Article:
OPINION: Can Mnangagwa restore Zimbabwe?
Elections in Zimbabwe appear to have been free and fair, according to observers, but the vote counting has not been satisfactory to the opposition parties. Nelson Chamisa and Tendai Biti, leaders of the Movement for Democratic Change, have claimed that the vote counting was fraudulent.
Emmerson Mnangagwa, the incumbent as head of the ruling Zanu-PF since his coup against Robert Mugabe, has suggested that those who are unhappy with the voting and the counting of votes should approach the courts for arbitration. As Mnangagwa ultimately assumes the highest office through elections in Zimbabwe, his rise must be reviewed.
Mnangagwa became the military right-hand man of Mugabe after the assassination of Josiah Magama Tongogara, the commander of Zanu-PF’s army Zanla during the liberation war waged from Mozambique. After the Lancaster House Talks at the dawn of the new Zimbabwe, Tongogara is said to have proposed to Mugabe that, for the sake of unity, he must work with Joshua Nkomo, the leader of the Zimbabwe African People’s Union (Zapu), who was then called the father of Zimbabwe. The suggestion that Mugabe subordinate himself to Nkomo was a fatal mistake. Mugabe was not impressed, leading ultimately to the elimination of Tongogara by assassination in Mozambique on December 26 1979.
This marked the turning point between Zanu-PF and Zapu-PF after the initial artificial unity under Zanu-PF, which was like the unity of water and oil. These were tribalist liberation movements, with Zanu-PF largely Shona speaking and Zapu–PF largely Ndebele speaking. It is known that the Shonas in Zimbabwe are still begrudging the Ndebeles and their king Mzilikazi ka Mashobane for having invaded and taken the western part of Zimbabwe in 1840. The tribal hostilities are still glaring today.
After Zanu-PF won the elections in February 1980, some Zapu-PF members harboured taking over power by military means in what would be the October Revolution Zimbabwe-style. It was these rumours that angered and agitated Mugabe, together with Zanu-PF. In response, Mugabe recruited young Shona men and invited North Korea and Mozambique to train them as part of a unit named the Fifth Brigade.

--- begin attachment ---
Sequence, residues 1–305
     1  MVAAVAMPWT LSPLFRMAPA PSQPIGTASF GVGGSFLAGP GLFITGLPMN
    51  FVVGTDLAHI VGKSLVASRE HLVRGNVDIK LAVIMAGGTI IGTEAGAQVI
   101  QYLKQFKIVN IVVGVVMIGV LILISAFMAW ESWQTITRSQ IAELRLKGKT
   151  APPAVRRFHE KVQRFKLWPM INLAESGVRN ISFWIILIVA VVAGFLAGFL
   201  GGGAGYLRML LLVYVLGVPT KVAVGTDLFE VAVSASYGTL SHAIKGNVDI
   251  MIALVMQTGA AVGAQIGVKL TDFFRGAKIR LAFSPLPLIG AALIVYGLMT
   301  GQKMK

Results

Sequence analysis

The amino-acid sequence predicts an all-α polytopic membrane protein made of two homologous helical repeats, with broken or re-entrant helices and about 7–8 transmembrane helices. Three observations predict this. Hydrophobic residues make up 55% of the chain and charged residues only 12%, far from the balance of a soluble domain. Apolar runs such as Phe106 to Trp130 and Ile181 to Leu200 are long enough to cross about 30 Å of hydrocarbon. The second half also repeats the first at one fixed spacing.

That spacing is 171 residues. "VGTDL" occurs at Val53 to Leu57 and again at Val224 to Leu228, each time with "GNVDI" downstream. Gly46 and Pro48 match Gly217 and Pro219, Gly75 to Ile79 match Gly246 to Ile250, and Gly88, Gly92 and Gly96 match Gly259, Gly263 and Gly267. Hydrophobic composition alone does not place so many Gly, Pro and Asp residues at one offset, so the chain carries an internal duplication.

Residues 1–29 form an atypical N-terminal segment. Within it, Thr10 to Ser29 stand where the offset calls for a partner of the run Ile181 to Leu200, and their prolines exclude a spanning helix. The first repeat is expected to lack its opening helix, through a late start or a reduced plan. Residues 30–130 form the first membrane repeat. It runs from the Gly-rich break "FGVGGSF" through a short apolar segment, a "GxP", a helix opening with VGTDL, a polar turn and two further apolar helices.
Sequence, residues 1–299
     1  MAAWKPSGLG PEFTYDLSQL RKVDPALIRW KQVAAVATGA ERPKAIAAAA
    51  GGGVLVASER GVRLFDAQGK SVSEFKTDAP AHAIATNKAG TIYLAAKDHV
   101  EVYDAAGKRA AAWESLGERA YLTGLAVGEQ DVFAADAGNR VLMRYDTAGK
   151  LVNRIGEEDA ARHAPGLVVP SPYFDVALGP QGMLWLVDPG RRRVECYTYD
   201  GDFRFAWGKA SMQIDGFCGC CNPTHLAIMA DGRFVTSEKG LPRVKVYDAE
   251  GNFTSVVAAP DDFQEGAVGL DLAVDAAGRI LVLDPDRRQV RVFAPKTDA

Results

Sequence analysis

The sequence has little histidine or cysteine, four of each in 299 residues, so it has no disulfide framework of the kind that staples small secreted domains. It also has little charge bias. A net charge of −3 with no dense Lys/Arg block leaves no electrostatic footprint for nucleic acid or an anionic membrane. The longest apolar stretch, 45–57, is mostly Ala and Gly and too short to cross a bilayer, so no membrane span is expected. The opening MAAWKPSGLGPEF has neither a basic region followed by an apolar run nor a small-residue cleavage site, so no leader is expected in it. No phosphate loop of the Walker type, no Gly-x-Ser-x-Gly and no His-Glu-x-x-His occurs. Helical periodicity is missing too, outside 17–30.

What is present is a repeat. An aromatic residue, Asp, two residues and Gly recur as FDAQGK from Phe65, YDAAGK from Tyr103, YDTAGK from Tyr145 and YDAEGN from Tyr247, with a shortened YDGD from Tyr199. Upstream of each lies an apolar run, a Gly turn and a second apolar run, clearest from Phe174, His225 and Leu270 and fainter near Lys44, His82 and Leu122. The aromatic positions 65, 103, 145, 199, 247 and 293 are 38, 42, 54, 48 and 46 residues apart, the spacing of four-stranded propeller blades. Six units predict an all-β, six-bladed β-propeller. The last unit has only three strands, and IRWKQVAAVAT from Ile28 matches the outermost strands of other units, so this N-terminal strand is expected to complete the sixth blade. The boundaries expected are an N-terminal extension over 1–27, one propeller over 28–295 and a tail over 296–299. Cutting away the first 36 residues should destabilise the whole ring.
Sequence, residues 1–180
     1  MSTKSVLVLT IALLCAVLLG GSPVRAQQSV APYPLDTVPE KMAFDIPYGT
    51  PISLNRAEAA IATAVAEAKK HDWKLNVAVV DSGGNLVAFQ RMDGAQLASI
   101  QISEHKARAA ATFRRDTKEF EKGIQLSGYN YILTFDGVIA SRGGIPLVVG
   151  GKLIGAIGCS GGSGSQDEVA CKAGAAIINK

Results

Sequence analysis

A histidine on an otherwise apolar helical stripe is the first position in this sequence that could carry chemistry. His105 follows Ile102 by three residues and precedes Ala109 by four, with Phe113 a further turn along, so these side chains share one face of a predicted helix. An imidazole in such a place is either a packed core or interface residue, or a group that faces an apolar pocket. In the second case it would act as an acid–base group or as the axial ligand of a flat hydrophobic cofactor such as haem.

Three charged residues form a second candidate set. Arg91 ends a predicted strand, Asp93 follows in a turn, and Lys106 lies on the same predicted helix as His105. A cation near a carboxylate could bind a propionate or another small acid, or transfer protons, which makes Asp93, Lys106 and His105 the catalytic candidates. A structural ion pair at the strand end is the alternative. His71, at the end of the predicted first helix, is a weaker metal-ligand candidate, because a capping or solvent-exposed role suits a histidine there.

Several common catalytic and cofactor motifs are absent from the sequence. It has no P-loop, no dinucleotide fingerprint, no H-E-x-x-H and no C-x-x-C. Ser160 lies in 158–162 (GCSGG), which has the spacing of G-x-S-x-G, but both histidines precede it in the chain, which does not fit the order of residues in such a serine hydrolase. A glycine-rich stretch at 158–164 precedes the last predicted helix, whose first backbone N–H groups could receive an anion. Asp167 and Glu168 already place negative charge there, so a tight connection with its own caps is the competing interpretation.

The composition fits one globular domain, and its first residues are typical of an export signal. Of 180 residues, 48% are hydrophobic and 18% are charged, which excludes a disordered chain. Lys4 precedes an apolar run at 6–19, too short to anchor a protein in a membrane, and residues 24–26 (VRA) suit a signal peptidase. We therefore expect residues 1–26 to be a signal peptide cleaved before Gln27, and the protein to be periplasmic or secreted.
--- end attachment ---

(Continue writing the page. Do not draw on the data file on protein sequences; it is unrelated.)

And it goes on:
After the completion of training, the brigade was deployed in Matabeleland under Colonel Perence Shiri (now minister of land) and Mnangagwa. They applied scorched earth tactics, murdering thousands of Ndebele people – men, women and children, but especially men – in trying to exterminate Zapu, in addition to imprisoning its military leaders Dumiso Dabengwa and Lookout Masuku.
Mnangagwa, nicknamed “The Crocodile”, was riding over Matabeleland like a colossus.
Does anyone seriously think Zimbabwe can be restored to health and democracy without acknowledgement of these historical atrocities? How can Zimbabwe achieve peace without its own version of the Truth and Reconciliation Commission? Only time will tell.
Considering that Mnangagwa was trained in China under Mao Tse-tung, maybe he should be given the benefit of the doubt. After the death of Mao, Deng Xiaoping took over. Like his predecessor, Deng was intolerant of any form of democracy. He demonstrated his intolerance by mowing down students at Tiananmen Square in June 1989, carrying out a massacre of immeasurable proportions. Maybe Mnangagwa, after presiding over the Gukurahundi massacre, can learn from his Chinese instructors and bring the necessary reforms to Zimbabwe, saving the country from economic meltdown. He might thus restore the breadbasket of Africa.
Is Zimbabwe still stuck in the gloomy past or is it in a new dawn? Only history will tell.
With regard to the ANC, it has not been consistent in dealing with the Zimbabwe issue. The party was silent during the Gukurahundi massacre; it failed to condemn these senseless killings of the innocent in Matabeleland. All in all, it was said that the ANC in exile was begging to get access to the Limpopo River in order to carry out operations in South Africa, hence avoiding antagonism of the ruling Shona-controlled Zanu–PF. It has continued to be silent about the deaths of so many Ndebeles to this day. Truth, morality and human solidarity were sacrificed to get access to the Limpopo River; very sad indeed.
This is the cruelty of war – that we close our eyes and pretend that nothing wrong is happening when people are slaughtered.
As a matter of principle, the ANC must never support tribal liberation movements. For the nation to survive, the tribe must be subordinated to it. These are the teachings from Pixley ka Isaka Seme and other founding fathers of the ANC. It is as true for Zimbabwe as it is for South Africa. We must remember these teachings and act on them now.
There is no way Zimbabwe can avoid killings and dictatorship without courageously facing the facts of its history.
Zimbabweans need honesty and truth from the ANC, not servility in the face of a history of tribalism and massacre.
- Makgoale is a rank and file member of the ANC